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Wet Noodle Posse | Blog

Monday, September 14, 2009


By Dr. Debra Holland

When Tom Petty’s song, Free Falling, plays on the radio, I like to sing along. “And, I’m Freeeeee. Free Fallin’. I don’t think much of the rest of the lyrics, but I sure do like the chorus. Some editors must too. A quick search showed three romances titled Free Falling: Stoble Piel, 1999, Mary Eason, 2008, and Sandy James, 2009. I’m sure there’s more.

Editors frequently assign song titles to books. For example, Jenny Crusie has two: Crazy For You and Tell Me Lies.

Song titles make great books titles because there’s instant recognition. The title may make a book more memorable or cause someone to pick up the book who might not normally.

Much of the time the working titles authors use are not kept by the editor. Instead, a new title is chosen. And since titles can’t be copywrited, the title may be used over and over. I have no idea if any of the above three authors used Free Falling as a working title. Yet, maybe they did have the title first and drew inspiration from it.

Have you ever listened to the radio and heard a song and thought, “That would make a great book title?” Maybe the song is one you’ve never heard before. Maybe it’s an oldie, but something about the lyrics sparks a story idea.

I mostly listen to the radio when I’m in the car. I don’t know about you, but I tend to think about my writing when I drive. I work out scenes and snippets of dialogue come to me, especially when the freeway is clear, and I can easily drive without much conscious thought. The other times are when I’m stuck in traffic (common in Los Angeles) and need to engage my mind to contain my frustration and pass the time. In fact, one of my books originated as a story idea while I was driving to my office.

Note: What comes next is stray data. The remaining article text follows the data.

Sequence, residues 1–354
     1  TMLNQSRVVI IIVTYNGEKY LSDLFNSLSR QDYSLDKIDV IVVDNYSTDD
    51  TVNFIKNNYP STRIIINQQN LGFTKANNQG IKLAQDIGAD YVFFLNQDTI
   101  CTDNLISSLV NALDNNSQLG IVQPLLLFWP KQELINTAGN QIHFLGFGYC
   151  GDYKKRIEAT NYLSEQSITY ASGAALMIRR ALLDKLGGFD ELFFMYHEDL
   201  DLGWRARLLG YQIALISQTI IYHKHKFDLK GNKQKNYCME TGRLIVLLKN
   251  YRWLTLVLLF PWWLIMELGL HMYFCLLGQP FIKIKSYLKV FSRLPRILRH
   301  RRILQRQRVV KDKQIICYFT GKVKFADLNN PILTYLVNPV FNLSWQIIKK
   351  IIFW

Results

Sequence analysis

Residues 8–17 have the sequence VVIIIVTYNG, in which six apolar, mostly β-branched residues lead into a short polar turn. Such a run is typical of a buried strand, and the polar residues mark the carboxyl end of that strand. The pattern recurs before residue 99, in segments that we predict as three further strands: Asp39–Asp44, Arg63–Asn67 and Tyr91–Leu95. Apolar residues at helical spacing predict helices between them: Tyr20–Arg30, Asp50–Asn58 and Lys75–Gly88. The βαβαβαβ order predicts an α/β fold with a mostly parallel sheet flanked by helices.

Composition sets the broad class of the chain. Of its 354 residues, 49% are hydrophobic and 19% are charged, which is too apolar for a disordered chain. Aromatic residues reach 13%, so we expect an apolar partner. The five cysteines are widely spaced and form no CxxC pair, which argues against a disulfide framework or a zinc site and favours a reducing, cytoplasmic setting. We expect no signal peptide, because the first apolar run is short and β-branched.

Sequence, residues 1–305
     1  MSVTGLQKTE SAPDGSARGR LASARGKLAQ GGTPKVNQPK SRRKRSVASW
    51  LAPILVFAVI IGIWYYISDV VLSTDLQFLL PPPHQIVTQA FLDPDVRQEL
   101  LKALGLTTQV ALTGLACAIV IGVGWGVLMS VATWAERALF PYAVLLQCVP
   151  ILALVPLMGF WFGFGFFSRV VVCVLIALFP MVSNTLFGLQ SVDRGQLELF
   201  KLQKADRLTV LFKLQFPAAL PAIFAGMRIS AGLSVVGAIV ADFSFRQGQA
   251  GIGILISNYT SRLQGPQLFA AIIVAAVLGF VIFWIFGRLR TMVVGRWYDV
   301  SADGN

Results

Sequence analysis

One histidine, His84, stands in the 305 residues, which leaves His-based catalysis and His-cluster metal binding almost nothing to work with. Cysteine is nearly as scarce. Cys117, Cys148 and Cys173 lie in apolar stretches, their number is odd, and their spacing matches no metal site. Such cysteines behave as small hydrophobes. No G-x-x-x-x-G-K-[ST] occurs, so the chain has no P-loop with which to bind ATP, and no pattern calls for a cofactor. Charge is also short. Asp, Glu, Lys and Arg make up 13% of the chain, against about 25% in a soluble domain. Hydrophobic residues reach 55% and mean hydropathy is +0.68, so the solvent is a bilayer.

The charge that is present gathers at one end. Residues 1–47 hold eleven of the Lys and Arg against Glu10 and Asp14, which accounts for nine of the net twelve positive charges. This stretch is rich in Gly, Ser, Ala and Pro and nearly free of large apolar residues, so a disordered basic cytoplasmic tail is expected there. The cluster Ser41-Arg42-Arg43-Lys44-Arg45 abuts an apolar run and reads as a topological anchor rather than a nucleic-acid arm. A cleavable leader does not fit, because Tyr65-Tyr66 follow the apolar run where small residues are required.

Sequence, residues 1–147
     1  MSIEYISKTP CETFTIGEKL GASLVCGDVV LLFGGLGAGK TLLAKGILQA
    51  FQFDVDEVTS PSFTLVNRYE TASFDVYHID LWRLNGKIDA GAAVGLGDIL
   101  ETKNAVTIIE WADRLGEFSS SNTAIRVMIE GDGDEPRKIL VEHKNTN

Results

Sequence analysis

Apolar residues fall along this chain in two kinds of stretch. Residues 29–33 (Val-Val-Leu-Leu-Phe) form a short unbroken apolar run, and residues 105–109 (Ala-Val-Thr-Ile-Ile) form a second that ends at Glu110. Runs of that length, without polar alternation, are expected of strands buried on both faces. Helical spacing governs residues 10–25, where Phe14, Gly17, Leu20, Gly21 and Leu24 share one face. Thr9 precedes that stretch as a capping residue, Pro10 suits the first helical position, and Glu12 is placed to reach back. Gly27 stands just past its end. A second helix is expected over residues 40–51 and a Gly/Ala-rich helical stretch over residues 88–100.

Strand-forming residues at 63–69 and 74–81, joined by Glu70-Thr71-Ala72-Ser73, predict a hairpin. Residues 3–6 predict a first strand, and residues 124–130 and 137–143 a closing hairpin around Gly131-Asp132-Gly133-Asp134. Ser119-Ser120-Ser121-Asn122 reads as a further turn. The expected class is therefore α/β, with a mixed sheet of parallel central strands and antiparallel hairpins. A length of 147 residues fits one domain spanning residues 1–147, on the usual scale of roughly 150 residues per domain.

I keep a notebook right next to the driver’s seat. If it’s possible to drive semi-safely and jot down the ideas, I do so. Although sometimes the writing isn’t too legible.

Sometimes I play with song titles, trying to create a story out of them. Then when I arrive at my destination, I write it down. Or if I don’t have time to write, I’ll probably forget about it. I’ve never actually developed a book from a song title, but I do have a list of potentials in my notebook. If I ever need some inspiration, I plan to play with them.

What about you? Have you ever written a story based on a song title?

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At 8:59 AM, Blogger Sandy James said...

If you consider how much emotional appeal accompanies music, it isn't surprising that certain songs inspire writers. I might not always use a song title as my book's title, but I often have a "theme" song for each of my books.

At 10:21 AM, Blogger Crystal-Rain Love said...

I actually have some books planned that have song titles as the title. The song titles actually sparked the ideas for these books. I'd love to have a whole series of books that are all given song titles. It'd just be neat to have them all tie in that way.

At 11:09 AM, Anonymous Tori Lennox said...

I'm not sure if I've ever used a song title for inspiration but I have used song lyrics for inspiration. :)

At 12:38 PM, Blogger Mo H said...

I love the idea of using a song title as a jumping off point for a story. I'll have to try it sometime!

At 2:42 PM, Blogger Terry McLaughlin said...

I've never used a song title as a story's inspiration, but I'd love to use a song title as a book title. Some authors' song-book titles play in a loop in my mind like a commercial.

At 9:45 AM, Blogger Terry Odell said...

Not a title, but I definitely get 'click moments' from lyrics (Blake Windsor in What's in a Name? gelled for me with a lyric line from "Leader of the Band" - or just a melody (Randy in Finding Sarah became a pianist after I was listening to Beethoven), and Frankie & Ryan danced to an Eagles song in When Danger Calls).


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